The Value of Community

Sarcoma patients and survivors gather for a time together

by Vicki Strong (Leiomyosarcoma Survivor)

“You have leiomyosarcoma. It is very rare and very serious,” my oral surgeon told me. “You need an oncologist immediately.”   

I had a slightly different experience than many first diagnosed with sarcoma — I had actually heard of the disease. A friend of the family had leiomyosarcoma, but we were not able to connect.

Instead, I sought out other people I knew well who had “cancer experience.” Friends whose family members had cancer. Several friends who had survived breast cancer. I even started a Christian Cancer Support Group in my church and had some very intimate conversations with others. But their experiences seemed to be only very loosely related to mine. Where were “my people?”

Then I read in our local paper about a fundraiser held in honor of the family friend with leiomyosarcoma. The proceeds were donated to an organization called Rein in Sarcoma.

That year, I rode the carousel at my first ever Party in the Park. I engaged in conversation with many sarcoma survivors, finding the community of cancer misfits I was seeking. I was almost giddy when I got home that night. 

Since then, I have found many new ways to be strengthened by the community of those with sarcoma. I crave the relationships in this community. We learn from each other. Even more than that, we hold each other up. We are in many ways, like family. Connected by some really crummy cells. We are a community of the rare.   

As I have heard said many times:

“It’s like meeting a whole pack of unicorns when I was afraid I was the only one.”

I have had the pleasure for six years now of administrating a Facebook group for those with leiomyosarcoma. This group has become what many of those around the world with LMS call “a lifeline.” As with all Facebook cancer support groups, it allows people to learn what treatments are available, to share information on clinical trials, to get referrals to doctors specific to their needs, and to ask questions about side-effects and emotional issues. Most of all, it is a community of people across the globe who care very deeply about each other and who offer hope to those who are new on the journey and need to engage with someone who understands.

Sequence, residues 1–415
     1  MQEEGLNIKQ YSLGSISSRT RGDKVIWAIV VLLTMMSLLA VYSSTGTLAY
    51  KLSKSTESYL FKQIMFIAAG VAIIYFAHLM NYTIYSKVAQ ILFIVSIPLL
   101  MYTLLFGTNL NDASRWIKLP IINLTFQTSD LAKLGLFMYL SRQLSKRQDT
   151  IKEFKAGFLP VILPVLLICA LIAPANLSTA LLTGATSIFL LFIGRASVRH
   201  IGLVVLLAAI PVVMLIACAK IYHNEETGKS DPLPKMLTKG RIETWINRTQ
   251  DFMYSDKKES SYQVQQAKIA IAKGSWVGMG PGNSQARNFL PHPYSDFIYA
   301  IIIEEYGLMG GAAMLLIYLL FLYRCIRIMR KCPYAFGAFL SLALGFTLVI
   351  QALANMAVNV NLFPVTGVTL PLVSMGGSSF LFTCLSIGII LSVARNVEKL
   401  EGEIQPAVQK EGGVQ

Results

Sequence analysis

The sarcoma community has become both my life’s work and my lifeline, and with good reason. 

Research conducted at the Cancer Support Community (which sponsors Gilda’s Club) has shown that “people who participate in support groups, either face-to-face or online, report significant decreases in depression, increased zest for life, and a new attitude toward their illness.” Community may not just energize, but according to a study published by the National Institute of health, “support groups may even have a positive effect on survival.”  

Every opportunity to participate in community is an invitation to be empowered, educated and energized. And maybe, just maybe, to live longer.  

If you are new to the Rein in Sarcoma community, welcome!  You are no longer alone. If you, like me, have been here a long time, thank you for being a friend. 

In these days of Covid-19, the Rein in Sarcoma community looks different, but we are still here.

What could have become a pandemic pause has become a new opportunity as our Second Tuesday morning Talk and Time Together group moved to video calls. It enables those who can’t leave home, or live far away from the Twin Cities, to participate. We plan to merge technology and touch as we return to face-to-face meetings (when it is safe to do so) by including a call-in option for remote participation.

Contact the Rein in Sarcoma office at (763) 205-1467 for more information on these chats or indicate your interest on the RIS Support Network form.     

Facebook groups have become stronger, and more interactive for many organizations. Rein in Sarcoma will launch a new group later this month, and we are eager to meet many of you as we share our stories of hope and learn from each other. Stay tuned for more information.

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